Lois Law Firm Construction Practice Team Leader, Tashia Rasul, successfully won a judgment of Section 114-a fraud at the Board Panel level after the workers’ compensation Law Judge found no fraud and noted that the carrier’s application for a fraud finding was borderline frivolous. This fraud finding was not based on the usage of covert surveillance, but instead on documentary evidence provided by the claimant himself, his testimony, and his statements to his doctors and the IME doctors, that were fully contradicted by records of treatment from prior to the date of loss.
One of the body parts established in this claim is the neck. The claimant failed to include any prior neck treatment on his C-3 and C-3.3, and when he initially testified regarding prior injuries, he stated that he did not receive prior neck treatment, even though he did have a prior injury to it “a while ago”. The claimant proceeded to treat for his neck post-loss, neglecting to tell all of his doctors about the prior injury, and refusing to fill out the IME questionnaires or telling the IME doctors it. Of course, this led to the doctors finding the treatment he needed is causally-related to the subject accident. In addition, the claimant did reveal to some of his doctors and the IME doctors that he sustained prior injuries to other body parts, but never mentioned the neck.
To prove fraud, Tashia developed the record by utilizing the client’s investigation showing prior treatment and subpoenaing the claimant’s prior records, taking the claimant’s testimony on prior injuries, examining the claimant’s post-loss treatment records and IMEs, and taking the doctors’ deposition on what exactly the claimant disclosed to them and whether knowledge of the prior injury would have changed their treatment course. The pursuit of fraud required digging into the claimant’s past medical history, which is oftentimes overlooked, as well as a scrupulous understanding and synthesis of the record, which Tashia used as a basis for her fraud arguments.
At the trial level, the claimant testified that he made a “mistake” by not disclosing the prior neck injury to his doctors and the IME doctors, and that he did not “realize” the prior treating doctor had planned more treatment for him so he did not think it was “important”. This “mistake” and the claimant’s lack of “realization” was essentially the basis for the Law Judge not finding fraud, even though Tashia argued that the claimant omitted the prior neck treatment on his C-3 and C-3.3; he had multiple opportunities to tell the doctors about the prior neck treatment and failed to do so, but told them about injuries to other body parts; and, that the doctors were not fully informed of the claimant’s treatment history and they testified that their treatment course may have been different had they known about the prior injury.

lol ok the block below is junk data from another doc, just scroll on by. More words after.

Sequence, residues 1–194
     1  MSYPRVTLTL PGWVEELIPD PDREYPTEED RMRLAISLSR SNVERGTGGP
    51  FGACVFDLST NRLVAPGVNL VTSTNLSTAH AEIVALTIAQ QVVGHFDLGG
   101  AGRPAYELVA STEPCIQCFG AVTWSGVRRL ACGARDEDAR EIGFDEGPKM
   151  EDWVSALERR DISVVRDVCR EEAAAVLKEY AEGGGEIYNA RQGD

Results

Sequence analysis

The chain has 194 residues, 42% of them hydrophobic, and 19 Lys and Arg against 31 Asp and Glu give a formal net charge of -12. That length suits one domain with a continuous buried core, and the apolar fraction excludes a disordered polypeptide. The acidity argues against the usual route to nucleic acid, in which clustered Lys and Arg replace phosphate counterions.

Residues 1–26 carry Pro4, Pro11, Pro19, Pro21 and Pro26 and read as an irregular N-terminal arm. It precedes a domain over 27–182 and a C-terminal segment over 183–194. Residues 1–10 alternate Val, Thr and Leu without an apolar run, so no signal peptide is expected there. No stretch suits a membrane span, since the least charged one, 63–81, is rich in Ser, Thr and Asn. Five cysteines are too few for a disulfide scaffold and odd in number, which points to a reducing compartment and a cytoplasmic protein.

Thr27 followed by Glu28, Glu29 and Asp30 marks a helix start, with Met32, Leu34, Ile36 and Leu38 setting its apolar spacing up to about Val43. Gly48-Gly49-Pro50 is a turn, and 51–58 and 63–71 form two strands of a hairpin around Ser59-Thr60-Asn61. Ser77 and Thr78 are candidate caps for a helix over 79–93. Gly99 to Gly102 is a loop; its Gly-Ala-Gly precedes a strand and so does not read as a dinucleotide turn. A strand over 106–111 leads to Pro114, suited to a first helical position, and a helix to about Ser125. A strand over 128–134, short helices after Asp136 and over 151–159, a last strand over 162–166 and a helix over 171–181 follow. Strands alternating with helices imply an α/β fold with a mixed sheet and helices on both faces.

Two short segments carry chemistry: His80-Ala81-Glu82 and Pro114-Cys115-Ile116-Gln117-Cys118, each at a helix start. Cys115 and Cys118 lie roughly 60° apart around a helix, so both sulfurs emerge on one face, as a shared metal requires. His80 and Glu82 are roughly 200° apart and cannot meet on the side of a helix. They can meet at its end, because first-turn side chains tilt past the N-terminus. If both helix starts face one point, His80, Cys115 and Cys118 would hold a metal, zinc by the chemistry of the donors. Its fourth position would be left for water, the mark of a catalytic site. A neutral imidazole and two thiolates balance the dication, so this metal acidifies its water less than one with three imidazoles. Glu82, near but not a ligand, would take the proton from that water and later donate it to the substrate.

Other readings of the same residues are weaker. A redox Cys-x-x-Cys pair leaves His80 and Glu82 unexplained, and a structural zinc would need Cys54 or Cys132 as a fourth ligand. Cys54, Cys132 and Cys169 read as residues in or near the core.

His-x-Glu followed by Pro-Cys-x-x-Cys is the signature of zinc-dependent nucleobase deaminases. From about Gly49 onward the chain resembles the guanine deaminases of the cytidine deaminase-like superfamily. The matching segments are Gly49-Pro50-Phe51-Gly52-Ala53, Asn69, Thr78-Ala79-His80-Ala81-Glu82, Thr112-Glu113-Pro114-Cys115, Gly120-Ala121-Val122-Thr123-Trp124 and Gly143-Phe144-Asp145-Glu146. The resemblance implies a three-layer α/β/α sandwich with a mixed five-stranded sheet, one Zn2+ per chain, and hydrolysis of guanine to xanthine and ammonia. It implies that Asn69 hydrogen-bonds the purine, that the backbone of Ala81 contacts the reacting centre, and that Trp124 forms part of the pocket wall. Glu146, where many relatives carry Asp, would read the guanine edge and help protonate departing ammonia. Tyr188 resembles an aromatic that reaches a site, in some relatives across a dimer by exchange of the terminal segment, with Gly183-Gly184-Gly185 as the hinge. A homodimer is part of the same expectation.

Tashia appealed the Law Judge’s finding of no fraud, and at the Board Panel level, Tashia reiterated her arguments, which the Board Panel agreed with. The Board Panel found that there is no excuse for a claimant to omit information regarding prior injuries and treatment on a C-3 and C-3.3., as these forms expressly ask for this information. It also reasoned that the claimant had multiple opportunities over the course of two years to tell the doctors about the prior neck injury, but chose not to. The Board Panel concluded that these omissions rise to the level of material misrepresentation as they impacted the doctors’ opinions on treatment, and indemnity payments as a results, and given that the omissions were from the inception of the claim and continued over two years, both the mandatory and discretionary penalties are warranted. The Board Panel rescinded all awards in this claim.
This win is monumental for the client not only because all awards were rescinded and all future indemnity benefits have been suspended, but also, because the claimant has an open general liability claim, and this fraud finding will help to reduce exposure on that claim as well. This finding will help the client save hundreds of thousand dollars, if not more, on both the workers compensation and general liability claims combined!
- CASE: SRC v. Construction Entity
- CLIENT: Construction OCIP
- DATE OF DECISION: August 20, 2020
- LOIS ATTORNEY: Tashia Rasul